Making Cents in Penny Stocks

Low-priced stocks are often priced low for a reason: They have significant problems to overcome. Yet those that have fixed their problems may be ready to take off to the next level.

At Motley Fool CAPS, a "penny stock" is any stock trading under $10, and you'll find some of the best CAPS All-Stars regularly seeking out winning investments there. We identify them with a penny icon. This week, we'll look at two low-priced investments the CAPS community has singled out as those with the best chances of success by bestowing five-star ratings on them. We just might want to turn our umbrellas upside-down to catch them!

Company

Recent Price

CAPS Rating (out of 5)

1-Year Return

Est.
5-Yr. EPS Growth

Return on Investment

Brocade Communications (Nasdaq: BRCD  )

$4.72

****

(27%)

10%

3.1%

TriQuint Semiconductor (Nasdaq: TQNT  )

$5.56

****

(56%)

13%

4.1%

Source: FinViz.com, Motley Fool CAPS.

These two companies may be low-priced, but that isn't necessarily enough to suggest they'll have an easier time recording big gains. Remember -- they're low-priced for a reason. We have to check and see what their catalysts for growth might be before diving in to the shallow end of the stock pool.

Getting bigger by going smaller
I've mentioned a few times now my displeasure with Dell (Nasdaq: DELL  ) changing its mission from computer maker to IT "solutions provider." It hasn't been able to make inroads against industry giant Cisco (Nasdaq: CSCO  ) , and despite its acquisition of data center specialist Force10 Networks, it hasn't been able to execute to plan, which has led to disappointing quarterly results.

All of this makes the possibility of a new acquisition all the more likely as it tries to shore up its division. Brocade Communications, an oft-discussed potential target, still looks like the most likely candidate. Considering Brocade has an activist investor agitating for a shakeup at the company, including its possible sale, I'd say a hook-up looks promising. With weak IT spending from enterprise level customers for the rest of the year likely for Dell, buying growth might be the only way to pull itself out of its doldrums.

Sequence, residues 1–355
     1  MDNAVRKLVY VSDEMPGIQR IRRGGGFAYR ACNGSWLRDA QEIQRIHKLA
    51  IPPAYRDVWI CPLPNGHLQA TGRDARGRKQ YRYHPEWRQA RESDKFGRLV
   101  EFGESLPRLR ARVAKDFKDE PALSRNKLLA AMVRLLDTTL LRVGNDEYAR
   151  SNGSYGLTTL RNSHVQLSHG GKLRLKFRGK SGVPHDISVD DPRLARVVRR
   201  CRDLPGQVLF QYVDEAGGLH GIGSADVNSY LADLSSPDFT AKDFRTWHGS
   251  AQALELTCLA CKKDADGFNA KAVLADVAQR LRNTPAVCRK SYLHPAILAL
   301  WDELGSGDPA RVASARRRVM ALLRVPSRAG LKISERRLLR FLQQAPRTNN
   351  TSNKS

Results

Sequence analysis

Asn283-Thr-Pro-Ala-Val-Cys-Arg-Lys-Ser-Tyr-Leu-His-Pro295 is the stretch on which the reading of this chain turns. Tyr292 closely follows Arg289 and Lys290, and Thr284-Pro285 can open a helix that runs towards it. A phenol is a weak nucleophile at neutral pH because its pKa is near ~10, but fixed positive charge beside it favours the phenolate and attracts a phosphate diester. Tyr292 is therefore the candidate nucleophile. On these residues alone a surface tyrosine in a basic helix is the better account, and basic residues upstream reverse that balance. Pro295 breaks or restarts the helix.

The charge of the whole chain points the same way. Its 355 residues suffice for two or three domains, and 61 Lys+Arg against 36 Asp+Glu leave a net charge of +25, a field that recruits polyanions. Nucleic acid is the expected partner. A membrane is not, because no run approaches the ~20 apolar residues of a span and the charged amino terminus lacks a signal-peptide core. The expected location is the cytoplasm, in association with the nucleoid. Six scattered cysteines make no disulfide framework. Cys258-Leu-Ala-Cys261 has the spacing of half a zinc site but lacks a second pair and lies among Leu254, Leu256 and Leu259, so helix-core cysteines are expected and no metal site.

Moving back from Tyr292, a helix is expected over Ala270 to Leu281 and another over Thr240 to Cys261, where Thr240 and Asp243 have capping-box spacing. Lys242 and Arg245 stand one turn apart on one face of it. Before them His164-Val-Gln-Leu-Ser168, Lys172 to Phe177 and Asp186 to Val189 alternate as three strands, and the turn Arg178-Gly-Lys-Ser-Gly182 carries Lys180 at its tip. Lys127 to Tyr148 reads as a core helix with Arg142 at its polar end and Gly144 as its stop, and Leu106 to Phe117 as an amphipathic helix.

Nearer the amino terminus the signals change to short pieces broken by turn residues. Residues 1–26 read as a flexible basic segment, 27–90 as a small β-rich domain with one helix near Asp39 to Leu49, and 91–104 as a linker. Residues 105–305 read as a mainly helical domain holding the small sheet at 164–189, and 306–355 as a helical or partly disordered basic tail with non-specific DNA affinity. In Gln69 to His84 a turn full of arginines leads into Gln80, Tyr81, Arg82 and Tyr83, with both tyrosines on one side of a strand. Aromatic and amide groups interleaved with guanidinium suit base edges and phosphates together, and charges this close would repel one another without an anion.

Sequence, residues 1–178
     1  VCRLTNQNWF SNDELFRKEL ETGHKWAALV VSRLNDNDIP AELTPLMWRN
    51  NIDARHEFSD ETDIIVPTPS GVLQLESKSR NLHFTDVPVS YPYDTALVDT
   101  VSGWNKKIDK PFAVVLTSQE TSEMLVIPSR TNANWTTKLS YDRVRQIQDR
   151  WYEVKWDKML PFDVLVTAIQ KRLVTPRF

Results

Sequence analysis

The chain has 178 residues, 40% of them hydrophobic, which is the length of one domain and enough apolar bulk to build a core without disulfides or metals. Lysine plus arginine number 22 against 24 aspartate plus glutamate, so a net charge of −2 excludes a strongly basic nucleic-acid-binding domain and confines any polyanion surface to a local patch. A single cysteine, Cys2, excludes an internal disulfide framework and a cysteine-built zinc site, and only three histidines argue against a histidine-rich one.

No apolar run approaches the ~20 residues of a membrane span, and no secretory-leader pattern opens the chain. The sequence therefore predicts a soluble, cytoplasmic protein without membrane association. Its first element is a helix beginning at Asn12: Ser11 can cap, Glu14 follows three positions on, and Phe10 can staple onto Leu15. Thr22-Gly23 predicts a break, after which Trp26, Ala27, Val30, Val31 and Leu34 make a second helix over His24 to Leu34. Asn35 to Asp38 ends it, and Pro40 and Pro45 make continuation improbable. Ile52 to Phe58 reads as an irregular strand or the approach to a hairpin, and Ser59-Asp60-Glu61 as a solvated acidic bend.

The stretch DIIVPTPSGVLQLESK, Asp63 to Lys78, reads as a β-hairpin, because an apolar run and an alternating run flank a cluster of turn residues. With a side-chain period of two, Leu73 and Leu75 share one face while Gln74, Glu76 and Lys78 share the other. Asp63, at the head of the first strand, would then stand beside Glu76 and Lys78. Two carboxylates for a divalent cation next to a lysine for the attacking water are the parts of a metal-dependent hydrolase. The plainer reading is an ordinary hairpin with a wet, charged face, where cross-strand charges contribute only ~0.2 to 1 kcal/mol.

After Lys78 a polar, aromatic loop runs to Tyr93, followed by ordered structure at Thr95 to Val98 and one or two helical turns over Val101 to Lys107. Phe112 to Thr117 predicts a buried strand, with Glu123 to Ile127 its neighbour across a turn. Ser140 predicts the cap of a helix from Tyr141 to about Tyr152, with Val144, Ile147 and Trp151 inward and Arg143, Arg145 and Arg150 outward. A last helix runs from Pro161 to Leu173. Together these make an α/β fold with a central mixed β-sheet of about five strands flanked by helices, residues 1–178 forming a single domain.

It might also help Brocade perform better in its Ethernet market, which hasn't been able to gain traction, even its attempt to create an intelligent base for cloud-optimized networking has been lackluster. With 96% of the CAPS All-Stars rating Brocade seeing it outperforming the broad indexes, it's apparent they think that either as a stand-alone company or an acquisition target, Brocade will succeed.

Tell us on the Brocade Communications CAPS page or in the comments section below your thoughts on the takeover chatter, then add it to your watchlist to be notified of developments as they arise.

Amplifying the effect
Power amplifier maker TriQuint Semiconductor is another that has found its sea legs, but in this turbulent market has been anchored by analyst speculation that it's lost some of its business with Apple (Nasdaq: AAPL  ) .

TriQuint just reported first-quarter earnings that saw revenues dip 3%, but witnessed an 85% plunge in profits from the year-ago period. The market also didn't take kindly to its dour second-quarter guidance, where it forecast revenues well below the consensus estimates. While it blames the falloff on its largest customer, which is essentially Apple, I've maintained it's actually a presage for even more business from the company.

Apple's last iPhone upgrade was last October, and Qualcomm is reporting difficulty keeping up with demand for new chips. Between the rumored fall launch of the new iPhone 5 and TriQuint's CEO expecting the back half of the year to be strong, I'm saying the weakness exhibited by TriQuint's stock is an opportunity.

I've rated the chip maker to outperform the market on CAPS because of that, and sOnTheIsle seems to agree with my thesis that TriQuint "will get a nice bump from iPhone 5 this fall. Stock buyback in effect." Let us know on the TriQuint Semiconductor CAPS page if you agree with this assessment, then put its stock on the Fool's free portfolio tracker to see if it's just going through the motions.

Make some change
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Fool contributor Rich Duprey owns shares of Cisco Systems and Apple, but he holds no other position in any company mentioned. Click here to see his holdings and a short bio. The Motley Fool owns shares of Apple. Motley Fool newsletter services have recommended buying shares of Apple. Motley Fool newsletter services have recommended creating a bull call spread position in Apple. The Motley Fool has a disclosure policy. We Fools may not all hold the same opinions, but we all believe that considering a diverse range of insights makes us better investors. Try any of our Foolish newsletter services free for 30 days.


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